Bernard Cornwell – 1812 10 Sharpe’s Enemy

Bernard Cornwell – 1812 10 Sharpe’s Enemy

Bernard Cornwell – 1812 10 Sharpe’s Enemy

For my daughter, with love

`… this system is yet in its infancy… much has been accomplished in a short time and there is every reason to believe that the accuracy of the Rocket may be actually brought upon a par with that of other artillery ammunition for all the important purposes of field service.’

Colonel Sir William Congreve. 1814.


On December 8th, 1812, the English soldiers first came to Adrados.

The village had escaped the war. It lay in that part of Spain east of the northern Portuguese border and, though it was close to the frontier, few soldiers had passed through its single street.

The French had come once, three years before, but they had been running from the English Lord Wellington and running so fast that they scarcely had time to stop and loot.

Then in May of 1812 the Spanish soldiers had come, the Garrison of Adrados, but the villagers had not minded. There were only fifty soldiers, with four cannon, and once the guns had been placed in the old Castle and Watchtower outside the village the soldiers seemed to think their war was done. They drank in the village inn, flirted with the women at the stream where the flat stones made laundry easy, and two village girls married gunners in the summer. By some confusion in the Spanish Army the ‘garrison’ had been sent a powder convoy intended for Ciudad Rodrigo and the soldiers boasted that they had more powder, and fewer guns, than any other Artillery troop in Europe. They made crude fireworks for the weddings and the villagers admired the explosions that flashed and echoed in.their remote valley. In the autumn some of the Spanish soldiers deserted, bored with guarding the valley where no soldiers came, eager to go back to their own villages and their own women.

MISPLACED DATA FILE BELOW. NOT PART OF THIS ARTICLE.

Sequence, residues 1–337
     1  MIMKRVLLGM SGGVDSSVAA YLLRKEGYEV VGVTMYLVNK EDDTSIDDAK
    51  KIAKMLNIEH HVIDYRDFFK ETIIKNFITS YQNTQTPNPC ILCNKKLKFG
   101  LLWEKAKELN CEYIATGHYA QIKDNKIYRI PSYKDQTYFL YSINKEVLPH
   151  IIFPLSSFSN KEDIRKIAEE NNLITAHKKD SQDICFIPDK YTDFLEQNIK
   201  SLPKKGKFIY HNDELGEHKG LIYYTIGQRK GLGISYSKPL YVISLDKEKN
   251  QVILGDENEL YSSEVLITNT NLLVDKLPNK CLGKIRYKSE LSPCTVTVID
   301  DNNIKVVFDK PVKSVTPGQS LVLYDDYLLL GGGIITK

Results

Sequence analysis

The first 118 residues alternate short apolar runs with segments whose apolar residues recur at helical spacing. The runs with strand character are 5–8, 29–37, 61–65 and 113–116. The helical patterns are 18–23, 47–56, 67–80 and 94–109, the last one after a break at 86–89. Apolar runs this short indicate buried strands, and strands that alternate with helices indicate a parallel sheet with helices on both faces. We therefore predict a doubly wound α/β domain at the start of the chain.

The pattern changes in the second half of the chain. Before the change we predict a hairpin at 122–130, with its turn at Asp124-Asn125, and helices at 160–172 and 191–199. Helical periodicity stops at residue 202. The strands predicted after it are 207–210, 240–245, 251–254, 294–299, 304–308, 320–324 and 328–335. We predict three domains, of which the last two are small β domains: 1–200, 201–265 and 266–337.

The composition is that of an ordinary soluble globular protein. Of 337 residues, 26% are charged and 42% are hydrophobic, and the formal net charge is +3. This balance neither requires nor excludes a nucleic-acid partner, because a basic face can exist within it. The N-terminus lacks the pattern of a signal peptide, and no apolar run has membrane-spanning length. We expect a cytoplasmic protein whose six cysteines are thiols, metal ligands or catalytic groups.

Then the English soldiers came. And on that day of all days!

Adrados was not a place of great importance. It grew, the priest said, sheep and thorns, and the priest told the villagers that made the village a holy place because Christ’s life began with the shepherds’ visit and ended with a crown of thorns. Yet the villagers did not need the priest to tell them that Adrados was sacred because only one thing brought visitors to Adrados, and that was on the Feast on December 8th.

Years before, no one knew how many, not even the priest, but in those far-off days when the Christians fought the Muslims in Spain, the Holy Mother had come to Adrados. Everyone knew the story. Christian Knights were falling back through the valley, hard pressed, and their leader had stopped to pray beside a granite boulder that was poised on the edge of the pass which fell off to the west, towards Portugal, and then it had happened. She had appeared! She stood on the granite boulder, Her face pale as ice, Her eyes like mountain pools, and She told the Knight that the pursuing Muslims would soon stop to pray themselves, to face east towards their heathen home, and that if he turned his tired troop about, if they drew their battered swords, then they would bring glory to the cross.

Two thousand Muslim heads dropped that day. More! No one knew how many and each year the figure grew with the story’s telling. Carved Muslim heads decorated the archway of the Convent that was built around the place where She had appeared. In the Convent chapel, at the top of the altar steps, was a small patch of polished granite; the place of the Holy Footfall.

And each year on December 8th, the Day of the Miracle, women came to Adrados. It was a woman’s day, not a man’s, and the men would go to the village inn once they had carried the statue of the Virgin, its jewels swaying beneath the gilded canopy, round the village bounds and back to the Convent.

The Nuns had left the Convent two hundred years before, attracted to plumper houses in the plains, unable to compete with the towns where the Holy Mother had been more generous in her appearance, yet the buildings were still good. The chapel became the village church, the upper cloister was a store-place, and one day a year the Convent was still a place for miracles.

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Categories: Cornwell, Bernard